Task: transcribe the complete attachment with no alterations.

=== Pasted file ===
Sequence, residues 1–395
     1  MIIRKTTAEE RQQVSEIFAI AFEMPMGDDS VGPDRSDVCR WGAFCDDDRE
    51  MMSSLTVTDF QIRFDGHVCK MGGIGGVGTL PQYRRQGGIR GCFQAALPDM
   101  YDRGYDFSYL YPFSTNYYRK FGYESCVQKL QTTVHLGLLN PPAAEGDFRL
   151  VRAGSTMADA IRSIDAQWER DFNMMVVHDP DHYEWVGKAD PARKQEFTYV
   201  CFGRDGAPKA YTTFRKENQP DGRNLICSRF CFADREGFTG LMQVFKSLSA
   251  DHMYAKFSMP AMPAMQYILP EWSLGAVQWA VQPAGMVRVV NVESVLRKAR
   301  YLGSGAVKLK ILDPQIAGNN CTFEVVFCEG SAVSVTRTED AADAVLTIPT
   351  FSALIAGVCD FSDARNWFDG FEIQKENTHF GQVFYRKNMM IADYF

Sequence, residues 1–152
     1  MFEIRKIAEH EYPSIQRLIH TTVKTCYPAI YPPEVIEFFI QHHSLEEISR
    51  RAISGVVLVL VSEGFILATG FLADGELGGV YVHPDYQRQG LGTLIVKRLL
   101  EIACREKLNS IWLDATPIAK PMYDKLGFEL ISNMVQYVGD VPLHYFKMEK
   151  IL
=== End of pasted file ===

Sequence, residues 1–395
     1  MIIRKTTAEE RQQVSEIFAI AFEMPMGDDS VGPDRSDVCR WGAFCDDDRE
    51  MMSSLTVTDF QIRFDGHVCK MGGIGGVGTL PQYRRQGGIR GCFQAALPDM
   101  YDRGYDFSYL YPFSTNYYRK FGYESCVQKL QTTVHLGLLN PPAAEGDFRL
   151  VRAGSTMADA IRSIDAQWER DFNMMVVHDP DHYEWVGKAD PARKQEFTYV
   201  CFGRDGAPKA YTTFRKENQP DGRNLICSRF CFADREGFTG LMQVFKSLSA
   251  DHMYAKFSMP AMPAMQYILP EWSLGAVQWA VQPAGMVRVV NVESVLRKAR
   301  YLGSGAVKLK ILDPQIAGNN CTFEVVFCEG SAVSVTRTED AADAVLTIPT
   351  FSALIAGVCD FSDARNWFDG FEIQKENTHF GQVFYRKNMM IADYF

Sequence, residues 1–152
     1  MFEIRKIAEH EYPSIQRLIH TTVKTCYPAI YPPEVIEFFI QHHSLEEISR
    51  RAISGVVLVL VSEGFILATG FLADGELGGV YVHPDYQRQG LGTLIVKRLL
   101  EIACREKLNS IWLDATPIAK PMYDKLGFEL ISNMVQYVGD VPLHYFKMEK
   151  IL